Invention of the Year Nominee: A New Enzyme for Fighting Staphylococcus Bacterial Infection

Invention of the Year Nominee: A New Enzyme for Fighting Staphylococcus Bacterial Infection

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A new enzyme identified by University of Maryland researchers has unique capabilities to combat life-threatening infections caused by Staphylococcus bacteria.

Associate Professor Dr. Daniel C. Nelson of the Department of Veterinary Medicine and the Institute for Biosciences and Biotechnology Research along with his team have discovered an enzyme that selectively targets the Staphylococcus bacteria and ruptures the bacteria cell wall, rendering the bacteria inactive. This new innovation is one of nine nominees for Invention of the Year Award.  

The enzyme, PlyGRCS, is an endolysin enzyme that is actually produced by a bacteriophage (a virus that lives and multiplies inside bacteria) that cleaves the cell wall of Staphylococcus, Nelson said.

“Significantly, when we purify this enzyme and drop it on Staphylococcus aureus cells, the enzyme rapidly hydrolyzes and chews up the cell wall, which results in the death of the bacterium,” he said.

Nelson called this a novel approach and an alternative to traditional antibiotics.

“Since the enzyme utilizes a mechanism that is completely different from all known antibiotics, it works against all antibiotic-resistant Staphylococcus aureus, such as methicillin-resistant Staphylococcus aureus (MRSA) as well as vancomycin-resistant Staphylococcus aureus (VRSA),” he said.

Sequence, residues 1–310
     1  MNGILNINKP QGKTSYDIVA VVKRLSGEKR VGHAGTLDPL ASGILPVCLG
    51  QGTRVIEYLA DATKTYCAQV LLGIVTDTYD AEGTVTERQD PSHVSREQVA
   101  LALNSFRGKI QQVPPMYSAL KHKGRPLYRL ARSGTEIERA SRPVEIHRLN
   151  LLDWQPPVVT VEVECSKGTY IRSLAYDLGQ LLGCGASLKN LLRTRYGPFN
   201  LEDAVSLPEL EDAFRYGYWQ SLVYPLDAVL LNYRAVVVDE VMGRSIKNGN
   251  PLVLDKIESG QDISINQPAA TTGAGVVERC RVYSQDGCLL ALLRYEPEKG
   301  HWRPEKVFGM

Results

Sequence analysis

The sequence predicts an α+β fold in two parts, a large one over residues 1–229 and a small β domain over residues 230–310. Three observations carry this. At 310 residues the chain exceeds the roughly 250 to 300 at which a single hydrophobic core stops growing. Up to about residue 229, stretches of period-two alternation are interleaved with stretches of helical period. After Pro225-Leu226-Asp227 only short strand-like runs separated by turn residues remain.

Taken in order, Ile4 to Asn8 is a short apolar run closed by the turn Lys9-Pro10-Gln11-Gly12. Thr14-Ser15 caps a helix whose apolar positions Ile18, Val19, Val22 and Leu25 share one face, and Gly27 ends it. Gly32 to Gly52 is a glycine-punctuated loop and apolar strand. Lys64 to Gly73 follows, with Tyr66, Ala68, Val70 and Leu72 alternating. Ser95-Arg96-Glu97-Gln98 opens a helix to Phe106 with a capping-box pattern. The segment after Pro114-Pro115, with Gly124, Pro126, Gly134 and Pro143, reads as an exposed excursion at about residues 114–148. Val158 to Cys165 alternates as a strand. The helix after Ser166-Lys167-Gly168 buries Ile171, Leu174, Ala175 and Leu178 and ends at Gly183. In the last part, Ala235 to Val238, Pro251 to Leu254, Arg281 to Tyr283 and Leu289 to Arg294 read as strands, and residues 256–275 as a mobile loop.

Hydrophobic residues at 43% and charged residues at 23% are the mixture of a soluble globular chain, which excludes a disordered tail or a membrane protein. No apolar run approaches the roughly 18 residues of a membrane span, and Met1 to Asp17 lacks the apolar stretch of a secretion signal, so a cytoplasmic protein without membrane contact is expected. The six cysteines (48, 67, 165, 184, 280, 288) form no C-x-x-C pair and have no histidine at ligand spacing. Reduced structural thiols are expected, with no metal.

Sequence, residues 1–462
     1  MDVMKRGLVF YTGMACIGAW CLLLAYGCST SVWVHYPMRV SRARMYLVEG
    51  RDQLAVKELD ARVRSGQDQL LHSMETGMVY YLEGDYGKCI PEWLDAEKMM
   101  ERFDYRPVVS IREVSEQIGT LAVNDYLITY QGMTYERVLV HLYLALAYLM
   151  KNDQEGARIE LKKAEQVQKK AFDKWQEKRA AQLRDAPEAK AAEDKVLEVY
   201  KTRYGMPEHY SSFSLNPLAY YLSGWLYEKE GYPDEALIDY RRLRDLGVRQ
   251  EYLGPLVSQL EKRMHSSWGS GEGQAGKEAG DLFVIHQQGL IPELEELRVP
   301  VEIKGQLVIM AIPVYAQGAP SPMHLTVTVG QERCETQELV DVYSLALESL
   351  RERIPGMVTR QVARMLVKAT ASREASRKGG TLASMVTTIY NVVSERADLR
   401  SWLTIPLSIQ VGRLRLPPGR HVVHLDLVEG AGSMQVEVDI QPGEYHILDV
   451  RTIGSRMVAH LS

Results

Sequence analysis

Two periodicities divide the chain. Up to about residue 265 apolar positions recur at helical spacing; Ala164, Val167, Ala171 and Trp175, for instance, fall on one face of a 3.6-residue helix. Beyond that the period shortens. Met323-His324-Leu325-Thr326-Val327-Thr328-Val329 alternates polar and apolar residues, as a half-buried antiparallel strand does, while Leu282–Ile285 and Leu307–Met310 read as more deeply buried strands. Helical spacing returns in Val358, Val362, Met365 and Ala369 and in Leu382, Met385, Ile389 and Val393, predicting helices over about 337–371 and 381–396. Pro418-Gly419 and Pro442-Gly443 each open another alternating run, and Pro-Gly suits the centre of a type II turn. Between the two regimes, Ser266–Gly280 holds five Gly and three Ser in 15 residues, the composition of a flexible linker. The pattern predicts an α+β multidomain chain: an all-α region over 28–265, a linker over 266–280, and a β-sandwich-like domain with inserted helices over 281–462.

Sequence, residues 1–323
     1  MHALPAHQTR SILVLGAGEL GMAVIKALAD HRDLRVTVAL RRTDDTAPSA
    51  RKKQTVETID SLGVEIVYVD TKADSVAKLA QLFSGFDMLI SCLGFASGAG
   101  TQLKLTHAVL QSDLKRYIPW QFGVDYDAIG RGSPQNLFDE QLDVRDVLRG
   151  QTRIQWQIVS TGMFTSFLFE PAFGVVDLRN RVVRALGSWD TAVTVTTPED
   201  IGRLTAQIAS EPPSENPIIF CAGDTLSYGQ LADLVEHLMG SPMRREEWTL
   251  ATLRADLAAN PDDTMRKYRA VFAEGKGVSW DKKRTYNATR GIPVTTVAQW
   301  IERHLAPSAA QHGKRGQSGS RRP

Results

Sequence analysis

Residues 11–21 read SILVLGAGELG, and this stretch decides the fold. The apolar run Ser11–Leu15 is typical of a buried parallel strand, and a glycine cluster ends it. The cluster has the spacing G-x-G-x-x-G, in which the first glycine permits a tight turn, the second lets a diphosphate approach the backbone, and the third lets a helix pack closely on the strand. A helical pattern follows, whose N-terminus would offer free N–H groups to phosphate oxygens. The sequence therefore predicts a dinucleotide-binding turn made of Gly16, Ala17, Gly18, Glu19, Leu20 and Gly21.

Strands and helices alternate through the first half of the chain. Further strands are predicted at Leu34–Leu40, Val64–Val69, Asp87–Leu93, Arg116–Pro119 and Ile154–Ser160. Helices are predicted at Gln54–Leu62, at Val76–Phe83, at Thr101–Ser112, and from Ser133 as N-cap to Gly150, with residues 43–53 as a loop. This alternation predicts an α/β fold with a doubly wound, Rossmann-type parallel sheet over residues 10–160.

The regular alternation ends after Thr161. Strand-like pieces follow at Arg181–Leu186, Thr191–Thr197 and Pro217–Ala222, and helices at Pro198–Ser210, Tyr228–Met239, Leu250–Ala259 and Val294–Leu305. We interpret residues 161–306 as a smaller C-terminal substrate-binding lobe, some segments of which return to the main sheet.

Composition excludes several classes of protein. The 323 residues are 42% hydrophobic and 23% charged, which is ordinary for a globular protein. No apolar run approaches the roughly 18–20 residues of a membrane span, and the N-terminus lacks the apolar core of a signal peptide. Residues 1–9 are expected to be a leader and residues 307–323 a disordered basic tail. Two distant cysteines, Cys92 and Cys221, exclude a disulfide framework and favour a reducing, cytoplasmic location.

Nelson explained that while there are many endolysins that can chew up the cell walls of MRSA effectively, the new enzyme can simultaneously cleave it in two places.

“PlyGRCS cleaves the same web in two dimensions, which is far more destabilizing, and ultimately leads to higher lytic (killing) activity for our enzyme compared to other known staphylococcal endolysins,” he said.

Nelson and his research group have successfully cultured this enzyme in bacterial cells.

“We took the gene for PlyGRCS, optimized the codon usage specific for expression in E. coli, and had the new gene artificially synthesized by a company. Obviously, for commercial use, large scale fermentation systems would be used which would further optimized the yield,” Nelson said.

“One may envision impregnating PlyGRCS in a bandage or wrap for these applications,” he said.

Other potential applications include using it against biofilm infections caused by staphylococci and treating bovine mastitis.  

“We are applying for funds from the USDA to conduct therapeutic evaluation of PlyGRCS for bovine mastitis indications,” he said. Bovine mastitis in dairy cows is a significant problem, responsible for a $2 billion economic loss every year in the U.S. alone.

Nelson is currently working on evaluating the in vivo efficacy of PlyGRCS in animal models. In fact, this resulted from Nelson’s contact with the Office of Technology Commercialization (OTC).

“The OTC staff also relayed to me that they were contacted by a biotechnology company interested in PlyGRCS, but their interest would have been stronger if we had animal studies showing efficacy.  This information helped shape our continued research on this enzyme,” he said.

Follow-up plans also include studying the anti-biofilm properties of this enzyme in central line catheter flow cells, for additional clinical application of the enzyme. Additionally, in order to improve the enzyme’s properties, bioengineering studies will be conducted to swap the enzyme’s binding domain with those of other staphylococcal endolysins.

“This would represent the ‘next generation’ of endolysins,” Nelson said.

Nelson’s work is a nominee for the University of Maryland Invention of the Year Awards, which will be announced on April 29, 2015. For more information, visit research.umd.edu or techtransfer.umd.edu.

April 14, 2015


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